Leap Day - February 29th, A Day of Traditions, Folklore and Superstition – Juliana Frances

Leap Day

2020 is a very special year for us all since it is a leap year. This means, the month of February has that extra 29th day, which is today, an event that happens every four years. That is why we refer to this day as the leap day.

From an astronomical point of view, leap day, February 29th, is but a corrective measure added to the calendar. The reason is that each year doesn’t have exactly 365 days, the time it takes for the Earth to make a full rotation around the sun.

They say that people born on leap days celebrate their birthdays every other four years and they always remain a few days younger than the rest of us.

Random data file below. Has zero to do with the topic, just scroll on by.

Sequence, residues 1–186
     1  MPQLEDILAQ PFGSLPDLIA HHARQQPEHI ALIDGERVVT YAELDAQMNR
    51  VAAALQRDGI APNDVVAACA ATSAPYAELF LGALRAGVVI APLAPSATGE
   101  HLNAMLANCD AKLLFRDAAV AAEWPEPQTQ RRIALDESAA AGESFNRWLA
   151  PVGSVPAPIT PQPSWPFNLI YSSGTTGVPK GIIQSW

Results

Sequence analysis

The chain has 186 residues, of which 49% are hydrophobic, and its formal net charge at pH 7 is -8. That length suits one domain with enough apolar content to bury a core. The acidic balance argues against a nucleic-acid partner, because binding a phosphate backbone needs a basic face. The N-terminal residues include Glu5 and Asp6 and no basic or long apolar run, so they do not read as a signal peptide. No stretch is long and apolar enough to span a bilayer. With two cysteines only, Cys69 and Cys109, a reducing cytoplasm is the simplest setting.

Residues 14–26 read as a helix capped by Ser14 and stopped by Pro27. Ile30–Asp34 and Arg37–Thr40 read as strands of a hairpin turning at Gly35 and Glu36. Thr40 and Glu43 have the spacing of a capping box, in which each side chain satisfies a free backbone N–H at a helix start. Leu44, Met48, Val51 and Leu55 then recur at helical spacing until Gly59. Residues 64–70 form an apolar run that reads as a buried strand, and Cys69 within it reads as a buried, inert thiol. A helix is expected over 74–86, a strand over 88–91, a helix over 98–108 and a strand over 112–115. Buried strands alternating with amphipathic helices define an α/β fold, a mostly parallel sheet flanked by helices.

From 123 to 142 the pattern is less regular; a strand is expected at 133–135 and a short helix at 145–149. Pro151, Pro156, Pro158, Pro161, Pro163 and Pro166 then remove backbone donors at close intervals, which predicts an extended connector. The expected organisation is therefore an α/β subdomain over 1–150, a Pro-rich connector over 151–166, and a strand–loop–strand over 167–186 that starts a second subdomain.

Leap Day customs around the world

There are very many different beliefs about leap year and leap days around the world. In some cultures, it is a magical year/day, while for others, leap days are the same as Friday 13th. You get the idea.

Most of the myths and customs related to the leap year seem to have emerged in Great Britain and northern European countries. An old Irish legend says that St Brigid and St Patrick made a deal so that women were allowed to propose to men every four years, on a leap year. Scots consider people born on a leap year to be unlucky in life, while Greeks believe that couples should not marry on a leap year for the same reasons.

Today we look at people born on February 29th as unique, since the odds are one in 1,461 and each leap year as special.

From a broader perspective, leap years are people’s attempts to establish a natural event that is hard to set. The year is 365 days and a quarter long, but this is not precise. Time is relative and in our futile attempt to master it, we might as well simply enjoy it, while we’re here. Happy leap day!

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